Thursday, November 23, 2006

Limitten. Topic: Real Analysis.

Definition: A sequence $\{a_n\}$ has limit $L$, where $L$ is a given real number, if for each $\epsilon > 0$ there is an integer $N \ge 1$ such that

$|a_n-L| < \epsilon$ for all integers $n \ge N$.

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Problem: (Stanford Math 51H) Prove that a sequence $\{a_n\}$ cannot have more than one limit.

Solution: This is logically true, as usual, but a rigorous argument is much more fun.

Suppose $\lim a_n = L_1$ and $\lim a_n = L_2$. Letting $\epsilon = \frac{|L_1-L_2|}{2}$, we know there exists $N_1, N_2$ such that

$|a_n-L_1| < \epsilon$ for $n \ge N_1$

$|a_n-L_2| < \epsilon$ for $n \ge N_2$.

So the above two inequalities are true for $n \ge \max(N_1, N_2)$. Adding the two inequalities together, we get

$|a_n-L_1|+|a_n-L_2| < 2\epsilon = |L_1-L_2|$.

However, by the triangle inequality we know $|a|+|b| \ge |a-b|$ (by setting $b = -b$ is the usual one), so

$|a_n-L_1|+|a_n-L_2| \ge |L_2-L_1| = |L_1-L_2|$.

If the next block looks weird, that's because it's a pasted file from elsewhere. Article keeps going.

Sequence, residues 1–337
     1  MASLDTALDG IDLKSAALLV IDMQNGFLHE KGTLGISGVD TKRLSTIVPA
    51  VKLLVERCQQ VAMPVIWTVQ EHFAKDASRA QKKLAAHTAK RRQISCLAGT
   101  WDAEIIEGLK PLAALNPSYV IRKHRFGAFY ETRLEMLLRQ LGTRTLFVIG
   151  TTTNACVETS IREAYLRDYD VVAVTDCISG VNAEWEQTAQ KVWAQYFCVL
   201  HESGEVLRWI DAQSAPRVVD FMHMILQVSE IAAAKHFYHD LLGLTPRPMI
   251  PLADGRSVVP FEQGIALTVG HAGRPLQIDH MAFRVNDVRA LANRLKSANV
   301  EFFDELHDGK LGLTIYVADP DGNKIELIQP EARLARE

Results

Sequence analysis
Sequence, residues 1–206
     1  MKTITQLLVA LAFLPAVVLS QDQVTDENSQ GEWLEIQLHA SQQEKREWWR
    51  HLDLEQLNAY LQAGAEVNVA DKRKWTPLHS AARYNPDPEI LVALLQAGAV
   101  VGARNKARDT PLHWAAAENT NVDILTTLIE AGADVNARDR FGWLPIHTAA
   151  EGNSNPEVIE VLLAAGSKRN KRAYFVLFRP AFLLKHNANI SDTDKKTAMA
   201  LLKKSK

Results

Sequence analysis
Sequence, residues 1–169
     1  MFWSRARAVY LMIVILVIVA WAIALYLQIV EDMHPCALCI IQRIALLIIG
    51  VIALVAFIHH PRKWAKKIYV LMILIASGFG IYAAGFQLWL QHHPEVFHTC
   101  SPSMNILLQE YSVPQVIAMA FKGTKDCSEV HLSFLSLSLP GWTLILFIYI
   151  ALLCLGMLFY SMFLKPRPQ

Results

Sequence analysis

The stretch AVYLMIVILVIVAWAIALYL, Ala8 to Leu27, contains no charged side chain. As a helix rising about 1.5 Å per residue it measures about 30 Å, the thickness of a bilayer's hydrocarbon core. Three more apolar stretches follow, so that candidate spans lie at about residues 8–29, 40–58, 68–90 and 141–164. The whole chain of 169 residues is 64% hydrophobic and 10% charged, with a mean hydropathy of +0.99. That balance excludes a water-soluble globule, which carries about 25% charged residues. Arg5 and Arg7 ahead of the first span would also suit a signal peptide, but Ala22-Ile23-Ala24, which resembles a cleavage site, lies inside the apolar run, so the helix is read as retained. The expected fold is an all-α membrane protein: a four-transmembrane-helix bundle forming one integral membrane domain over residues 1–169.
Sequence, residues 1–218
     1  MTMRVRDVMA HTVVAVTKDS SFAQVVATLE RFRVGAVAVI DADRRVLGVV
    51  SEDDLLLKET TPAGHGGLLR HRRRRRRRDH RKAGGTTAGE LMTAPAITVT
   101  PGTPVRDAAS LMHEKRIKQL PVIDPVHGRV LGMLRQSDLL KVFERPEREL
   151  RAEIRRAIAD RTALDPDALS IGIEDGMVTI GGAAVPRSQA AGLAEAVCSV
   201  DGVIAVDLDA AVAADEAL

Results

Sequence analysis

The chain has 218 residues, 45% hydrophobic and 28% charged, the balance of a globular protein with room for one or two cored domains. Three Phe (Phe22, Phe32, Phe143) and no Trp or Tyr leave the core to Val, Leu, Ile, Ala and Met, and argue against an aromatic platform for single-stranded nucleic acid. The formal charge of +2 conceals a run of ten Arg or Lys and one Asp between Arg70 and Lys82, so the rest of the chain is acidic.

Then

$|L_1-L_2| < |L_1-L_2|$,

a contradiction. Hence $\{a_n\}$ can have at most one limit. QED.

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Comment: The real definition of the limit is almost always complete overlooked in a regular calculus course (i.e. Calc AB and BC). But it's pretty much the foundation of all of calculus so it is really quite nice to know and work with.

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Practice Problem: (Stanford Math 51H, Sandwich Theorem) If $\{a_n\}, \{b_n\}$ are given convergent sequences with $\lim a_n = \lim b_n$, and if $\{c_n\}$ is any sequence such that $a_n \le c_n \le b_n \forall n \ge 1$, prove that $\{c_n\}$ is convergent and $\lim c_n = \lim a_n = \lim b_n$.